Young women in urban India are working in ever larger numbers. Every 1 out of 4 women between the age of 20 and 34 years was working in 2012; compared to merely one in 10 seven years before, as per the latest data from India Human Development surveys. This is a remarkable jump in employment.
The largest increase in working women has come from the demographic of young, educated, single women and young mothers. We dug deeper into how women’s decision to work changes over time by tracking a cohort of around 14,000 women in urban India. Are more women able to take up a job when they have a small child to care for? Only 12% of women with a child of less than 2 years of age were working in 2005. After their child grew up, around 26% of them were working in 2012.
Despite this increase, three out of four urban women of working age do not work outside of their homes. How then do we encourage even more women to join the workforce if they wish to do so?
A policy such as the new maternity law alone is unlikely to work. Most of the employment continues to be in the informal sector where the new law is not binding. In any case, not many employers would be willing to add young women to the workforce with so much additional financial burden. Such a policy is primarily useful for women who are already in employment and looking to start a family. And even if it benefits them, what happens when a child turns six months old?
The single most critical factor that will enable young women to continue working is adequate, reliable and affordable childcare. There is strong evidence from other countries that government policies that support early education and childcare increase labour force participation of women and reduces gender gaps.
Traditionally, grandparents have been the primary source of childcare in India. Increased labour mobility in recent years has resulted in young families moving away from their native places. The consequent loss of proximity to grandparents means a loss of childcare as well.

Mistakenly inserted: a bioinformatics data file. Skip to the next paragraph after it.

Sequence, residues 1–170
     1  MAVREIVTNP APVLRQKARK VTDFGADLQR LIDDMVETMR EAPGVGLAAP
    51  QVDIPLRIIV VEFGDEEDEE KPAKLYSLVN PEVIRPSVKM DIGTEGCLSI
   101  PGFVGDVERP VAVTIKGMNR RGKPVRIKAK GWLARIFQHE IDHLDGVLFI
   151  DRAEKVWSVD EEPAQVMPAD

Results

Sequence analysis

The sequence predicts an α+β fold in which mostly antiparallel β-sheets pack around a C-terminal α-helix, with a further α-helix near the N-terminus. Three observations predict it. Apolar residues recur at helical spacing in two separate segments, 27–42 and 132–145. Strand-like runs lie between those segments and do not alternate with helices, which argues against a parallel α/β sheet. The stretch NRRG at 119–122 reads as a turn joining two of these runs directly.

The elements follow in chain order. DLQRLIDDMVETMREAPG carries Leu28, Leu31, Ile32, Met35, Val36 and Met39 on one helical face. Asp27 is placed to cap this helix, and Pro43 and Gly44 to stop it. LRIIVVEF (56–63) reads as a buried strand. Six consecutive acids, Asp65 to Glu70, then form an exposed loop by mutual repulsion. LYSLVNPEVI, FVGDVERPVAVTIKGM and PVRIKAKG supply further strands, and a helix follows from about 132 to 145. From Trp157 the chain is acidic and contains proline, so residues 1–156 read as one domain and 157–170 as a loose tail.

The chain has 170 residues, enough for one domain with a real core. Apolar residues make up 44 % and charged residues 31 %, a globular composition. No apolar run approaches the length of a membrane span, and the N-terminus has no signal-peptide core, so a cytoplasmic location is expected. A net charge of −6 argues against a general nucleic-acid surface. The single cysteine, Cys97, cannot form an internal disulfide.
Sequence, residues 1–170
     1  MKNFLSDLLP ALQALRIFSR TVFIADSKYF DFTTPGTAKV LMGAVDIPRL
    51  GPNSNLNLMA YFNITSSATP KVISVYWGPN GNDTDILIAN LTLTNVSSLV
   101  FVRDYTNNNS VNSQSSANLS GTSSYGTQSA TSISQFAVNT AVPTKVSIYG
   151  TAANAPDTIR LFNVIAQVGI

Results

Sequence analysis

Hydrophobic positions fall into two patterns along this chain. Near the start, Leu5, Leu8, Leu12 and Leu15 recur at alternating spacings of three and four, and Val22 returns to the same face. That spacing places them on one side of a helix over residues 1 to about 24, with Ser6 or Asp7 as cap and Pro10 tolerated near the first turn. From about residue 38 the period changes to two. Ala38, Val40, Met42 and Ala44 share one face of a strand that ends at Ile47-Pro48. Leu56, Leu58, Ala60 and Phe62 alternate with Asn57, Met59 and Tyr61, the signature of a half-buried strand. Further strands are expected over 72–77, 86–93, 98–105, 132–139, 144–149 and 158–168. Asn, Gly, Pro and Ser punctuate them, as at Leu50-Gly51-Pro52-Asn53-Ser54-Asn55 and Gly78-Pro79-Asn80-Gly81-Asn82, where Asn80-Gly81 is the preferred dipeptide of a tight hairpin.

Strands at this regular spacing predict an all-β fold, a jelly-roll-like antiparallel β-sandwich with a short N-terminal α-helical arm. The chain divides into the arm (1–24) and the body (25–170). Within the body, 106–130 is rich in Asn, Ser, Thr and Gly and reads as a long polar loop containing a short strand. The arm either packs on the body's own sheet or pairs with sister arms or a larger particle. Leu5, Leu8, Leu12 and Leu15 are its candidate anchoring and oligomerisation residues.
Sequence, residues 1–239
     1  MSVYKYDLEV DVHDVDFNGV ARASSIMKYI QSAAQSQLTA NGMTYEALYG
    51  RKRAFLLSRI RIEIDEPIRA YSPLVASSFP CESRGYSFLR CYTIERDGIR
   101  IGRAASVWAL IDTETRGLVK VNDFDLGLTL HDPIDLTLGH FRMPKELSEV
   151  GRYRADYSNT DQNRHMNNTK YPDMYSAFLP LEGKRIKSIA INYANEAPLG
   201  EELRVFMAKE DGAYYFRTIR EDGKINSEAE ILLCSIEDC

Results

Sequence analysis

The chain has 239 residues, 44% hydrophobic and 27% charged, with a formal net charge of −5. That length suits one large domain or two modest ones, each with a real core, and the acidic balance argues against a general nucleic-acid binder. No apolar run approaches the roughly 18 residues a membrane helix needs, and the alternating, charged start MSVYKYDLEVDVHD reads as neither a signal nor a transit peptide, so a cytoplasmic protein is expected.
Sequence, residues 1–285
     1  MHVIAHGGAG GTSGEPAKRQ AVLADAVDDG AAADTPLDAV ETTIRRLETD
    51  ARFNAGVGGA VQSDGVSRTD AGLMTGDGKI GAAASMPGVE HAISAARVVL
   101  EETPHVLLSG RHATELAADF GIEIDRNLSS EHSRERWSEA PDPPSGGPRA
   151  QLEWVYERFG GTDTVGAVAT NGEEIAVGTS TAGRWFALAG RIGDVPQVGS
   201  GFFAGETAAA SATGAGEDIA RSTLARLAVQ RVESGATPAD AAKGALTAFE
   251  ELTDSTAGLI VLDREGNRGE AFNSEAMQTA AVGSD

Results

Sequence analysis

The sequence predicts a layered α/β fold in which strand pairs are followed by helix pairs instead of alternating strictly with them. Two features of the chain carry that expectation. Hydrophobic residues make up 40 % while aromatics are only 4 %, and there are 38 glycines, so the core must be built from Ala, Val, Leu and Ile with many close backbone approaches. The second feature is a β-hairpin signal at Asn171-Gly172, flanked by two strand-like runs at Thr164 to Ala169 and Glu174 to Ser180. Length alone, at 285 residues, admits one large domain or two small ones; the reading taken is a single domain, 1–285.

Evidence from our analysis suggests that in villages where anganwadis (government-sponsored childcare) function well, more women are able to take up non-farm jobs. Currently, India’s ministry of women and child development is working on a national programme for creche and day care facilities for children. It aims to provide such facilities within one and half kilometres from either the home of child or the workplace of the mother. While it is important that such facilities are close by, it is even more critical that they meet certain mandatory quality standards and are considered safe for the child.
A good childcare programme is also an investment into a child’s future. Investing in early childcare is similar to investing for long-term returns. Such a policy will pay off handsomely not only for mothers in the short run, but also for India’s future over the long term.
The nature and structure of jobs are also changing rapidly. In the past, being physically present at a workplace and for long hours was necessary in a number of industries such as finance and banking, healthcare, and law. Technology is now allowing for possibilities of flexible work times even in these industries. Nonetheless, physical presence at work is required and valued a great deal.
Indian family life is changing dramatically and the public policy has failed to keep pace with it. It’s an area we cannot afford to neglect any longer.